Jamie Swift and Keith Stewart's piece on the 100th
anniversary of Ontario Hydro (April/May 2006) made good
reading before lapsing into contemporary editorial. Several
jabs are made at nuclear technology, whereas I'm sure that
Sir Adam Beck would have been pleased to see this clean,
cost-effective, almost limitless source of "public power"
pioneered in Ontario as his legacy.
Interestingly, the claim that "cost overruns [of Ontario's
reactors] dwarfed those of the Beck station at Niagara" is
contradicted by the photo caption claiming that the Beck
station cost "four times its original estimate". The poster
child for nuclear cost overruns (Darlington, near Toronto)
almost doubled its projected cost of $7.5 billion made at the
start of construction, and almost tripled an earlier estimate
made at the time the gov't committed to the project - hardly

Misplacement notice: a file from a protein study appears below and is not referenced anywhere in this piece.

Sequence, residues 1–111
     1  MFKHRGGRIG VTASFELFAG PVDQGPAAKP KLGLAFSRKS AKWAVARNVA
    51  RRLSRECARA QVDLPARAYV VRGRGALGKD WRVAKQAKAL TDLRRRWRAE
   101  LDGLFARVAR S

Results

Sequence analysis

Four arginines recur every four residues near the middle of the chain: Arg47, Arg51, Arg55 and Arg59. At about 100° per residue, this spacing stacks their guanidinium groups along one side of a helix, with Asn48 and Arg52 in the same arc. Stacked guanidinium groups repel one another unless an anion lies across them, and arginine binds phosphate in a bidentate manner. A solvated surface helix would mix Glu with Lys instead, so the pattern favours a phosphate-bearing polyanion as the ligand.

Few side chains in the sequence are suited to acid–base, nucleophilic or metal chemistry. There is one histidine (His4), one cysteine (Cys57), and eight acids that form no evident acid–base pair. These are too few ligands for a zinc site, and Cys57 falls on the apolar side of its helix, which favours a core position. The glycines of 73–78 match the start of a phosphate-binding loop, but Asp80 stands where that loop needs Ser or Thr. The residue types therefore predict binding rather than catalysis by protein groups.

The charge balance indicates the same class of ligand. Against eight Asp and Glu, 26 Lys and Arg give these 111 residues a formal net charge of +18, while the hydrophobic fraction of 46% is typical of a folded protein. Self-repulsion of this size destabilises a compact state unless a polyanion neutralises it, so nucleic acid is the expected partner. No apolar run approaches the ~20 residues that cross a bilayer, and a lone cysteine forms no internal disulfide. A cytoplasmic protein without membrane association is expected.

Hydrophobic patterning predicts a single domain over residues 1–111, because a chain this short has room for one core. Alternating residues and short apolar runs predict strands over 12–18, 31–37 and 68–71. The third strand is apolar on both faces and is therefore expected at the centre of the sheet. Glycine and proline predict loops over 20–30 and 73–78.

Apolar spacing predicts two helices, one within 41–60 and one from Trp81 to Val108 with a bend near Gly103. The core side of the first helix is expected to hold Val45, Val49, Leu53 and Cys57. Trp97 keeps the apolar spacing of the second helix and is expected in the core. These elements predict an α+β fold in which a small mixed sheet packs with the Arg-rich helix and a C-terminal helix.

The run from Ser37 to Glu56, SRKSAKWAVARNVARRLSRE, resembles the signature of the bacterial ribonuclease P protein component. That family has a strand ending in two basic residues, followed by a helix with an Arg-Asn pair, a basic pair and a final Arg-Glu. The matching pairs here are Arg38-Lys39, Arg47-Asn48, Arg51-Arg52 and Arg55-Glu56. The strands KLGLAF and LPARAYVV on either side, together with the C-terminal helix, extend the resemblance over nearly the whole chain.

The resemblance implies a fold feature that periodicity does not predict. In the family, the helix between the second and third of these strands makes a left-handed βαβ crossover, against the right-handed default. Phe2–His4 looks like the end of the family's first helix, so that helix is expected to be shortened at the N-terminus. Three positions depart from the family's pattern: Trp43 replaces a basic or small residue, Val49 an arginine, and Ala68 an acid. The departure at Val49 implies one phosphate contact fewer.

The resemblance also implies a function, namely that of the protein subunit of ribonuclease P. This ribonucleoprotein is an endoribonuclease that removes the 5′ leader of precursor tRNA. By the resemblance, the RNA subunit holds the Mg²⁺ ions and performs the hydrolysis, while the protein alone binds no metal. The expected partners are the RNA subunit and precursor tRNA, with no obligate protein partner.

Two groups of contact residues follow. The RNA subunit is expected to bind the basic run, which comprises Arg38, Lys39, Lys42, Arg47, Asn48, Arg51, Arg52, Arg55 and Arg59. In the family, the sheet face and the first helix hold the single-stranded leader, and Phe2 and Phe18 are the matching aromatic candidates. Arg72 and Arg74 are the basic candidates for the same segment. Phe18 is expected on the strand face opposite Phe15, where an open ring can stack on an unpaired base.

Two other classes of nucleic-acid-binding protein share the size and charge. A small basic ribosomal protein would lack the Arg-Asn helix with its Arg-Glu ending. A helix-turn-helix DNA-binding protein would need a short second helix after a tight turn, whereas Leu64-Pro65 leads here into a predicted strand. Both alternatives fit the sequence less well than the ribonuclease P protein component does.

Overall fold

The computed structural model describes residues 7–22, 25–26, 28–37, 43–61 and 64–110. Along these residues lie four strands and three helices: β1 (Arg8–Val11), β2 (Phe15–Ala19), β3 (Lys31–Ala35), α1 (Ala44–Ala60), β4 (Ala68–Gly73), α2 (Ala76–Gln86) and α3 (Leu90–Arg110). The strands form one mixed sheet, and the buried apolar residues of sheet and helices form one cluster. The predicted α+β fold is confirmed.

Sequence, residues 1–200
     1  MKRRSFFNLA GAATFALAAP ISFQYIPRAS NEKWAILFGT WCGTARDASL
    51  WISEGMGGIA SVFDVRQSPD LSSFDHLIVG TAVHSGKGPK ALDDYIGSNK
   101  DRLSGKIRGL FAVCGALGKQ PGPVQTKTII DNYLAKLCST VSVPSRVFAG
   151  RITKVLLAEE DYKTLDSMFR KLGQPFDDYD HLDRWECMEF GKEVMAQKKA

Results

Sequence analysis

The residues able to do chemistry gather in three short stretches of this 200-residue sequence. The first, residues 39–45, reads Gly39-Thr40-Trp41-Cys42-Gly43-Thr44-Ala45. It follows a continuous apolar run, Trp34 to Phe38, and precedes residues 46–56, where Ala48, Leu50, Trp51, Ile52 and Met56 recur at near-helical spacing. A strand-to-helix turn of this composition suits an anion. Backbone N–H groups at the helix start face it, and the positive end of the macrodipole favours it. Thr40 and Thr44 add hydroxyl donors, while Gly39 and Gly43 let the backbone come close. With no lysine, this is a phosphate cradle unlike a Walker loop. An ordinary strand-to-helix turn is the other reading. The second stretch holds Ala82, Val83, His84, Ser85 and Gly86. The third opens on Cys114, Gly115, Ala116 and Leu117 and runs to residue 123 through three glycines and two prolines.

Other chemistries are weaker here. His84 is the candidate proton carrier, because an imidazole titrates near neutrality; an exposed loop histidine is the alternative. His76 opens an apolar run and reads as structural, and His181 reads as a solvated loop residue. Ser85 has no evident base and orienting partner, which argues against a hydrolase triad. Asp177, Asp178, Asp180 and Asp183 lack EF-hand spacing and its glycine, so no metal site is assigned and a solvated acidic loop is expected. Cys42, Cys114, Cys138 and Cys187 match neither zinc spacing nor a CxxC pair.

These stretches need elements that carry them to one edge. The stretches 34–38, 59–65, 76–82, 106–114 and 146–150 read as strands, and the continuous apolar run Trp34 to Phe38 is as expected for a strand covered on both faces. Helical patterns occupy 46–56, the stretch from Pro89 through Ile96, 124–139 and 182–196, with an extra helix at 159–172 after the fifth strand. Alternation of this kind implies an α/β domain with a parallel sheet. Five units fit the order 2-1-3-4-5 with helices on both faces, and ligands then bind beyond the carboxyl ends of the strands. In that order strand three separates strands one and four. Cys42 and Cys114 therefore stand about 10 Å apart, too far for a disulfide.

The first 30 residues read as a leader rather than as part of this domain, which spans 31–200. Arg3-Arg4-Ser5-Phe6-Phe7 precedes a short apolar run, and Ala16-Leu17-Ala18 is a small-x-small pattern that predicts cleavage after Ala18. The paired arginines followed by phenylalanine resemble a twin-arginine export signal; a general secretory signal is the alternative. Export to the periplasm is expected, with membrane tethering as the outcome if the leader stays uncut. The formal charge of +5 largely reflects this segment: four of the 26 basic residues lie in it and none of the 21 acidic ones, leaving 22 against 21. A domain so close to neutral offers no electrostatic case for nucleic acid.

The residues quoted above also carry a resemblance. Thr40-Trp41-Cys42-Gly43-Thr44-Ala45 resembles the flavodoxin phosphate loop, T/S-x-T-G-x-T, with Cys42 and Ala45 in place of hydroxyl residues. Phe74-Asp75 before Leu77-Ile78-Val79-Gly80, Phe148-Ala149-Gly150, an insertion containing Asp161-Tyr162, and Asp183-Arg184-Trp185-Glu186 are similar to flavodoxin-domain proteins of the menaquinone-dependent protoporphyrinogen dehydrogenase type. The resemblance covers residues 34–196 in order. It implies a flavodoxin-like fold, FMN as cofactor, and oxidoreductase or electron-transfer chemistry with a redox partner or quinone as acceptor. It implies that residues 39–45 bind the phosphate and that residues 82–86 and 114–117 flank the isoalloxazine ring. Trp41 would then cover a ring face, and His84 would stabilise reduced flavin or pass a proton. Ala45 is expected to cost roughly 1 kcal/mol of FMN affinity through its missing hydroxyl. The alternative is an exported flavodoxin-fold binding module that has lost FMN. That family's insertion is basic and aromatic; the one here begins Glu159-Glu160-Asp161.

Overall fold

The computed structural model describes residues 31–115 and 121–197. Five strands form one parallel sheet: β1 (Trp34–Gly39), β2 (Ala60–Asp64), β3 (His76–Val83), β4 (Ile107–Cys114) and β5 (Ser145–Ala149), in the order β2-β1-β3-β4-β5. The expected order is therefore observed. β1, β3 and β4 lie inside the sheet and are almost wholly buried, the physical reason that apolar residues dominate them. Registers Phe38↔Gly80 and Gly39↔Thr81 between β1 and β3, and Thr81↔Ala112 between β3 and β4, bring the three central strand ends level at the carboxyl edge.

The lesson is that major projects sometimes overspend, often
(as with Darlington) due to political factors unrelated to
the technology. Sir Adam Beck would agree that what really
matters is efficient performance, as intended, for years
afterward - the case with both the Niagara and Darlington stations.
The article concludes with a curious statement that
"conservation has no physical limit". While this statement
is demonstrably false for conservation (the limit is zero),
it is effectively true for uranium since it offers thousands
of years of energy using advanced reactor technology.
Perhaps the biggest advantage citizens have today, not
available in Beck's time, is diversity of options.
To the Editor,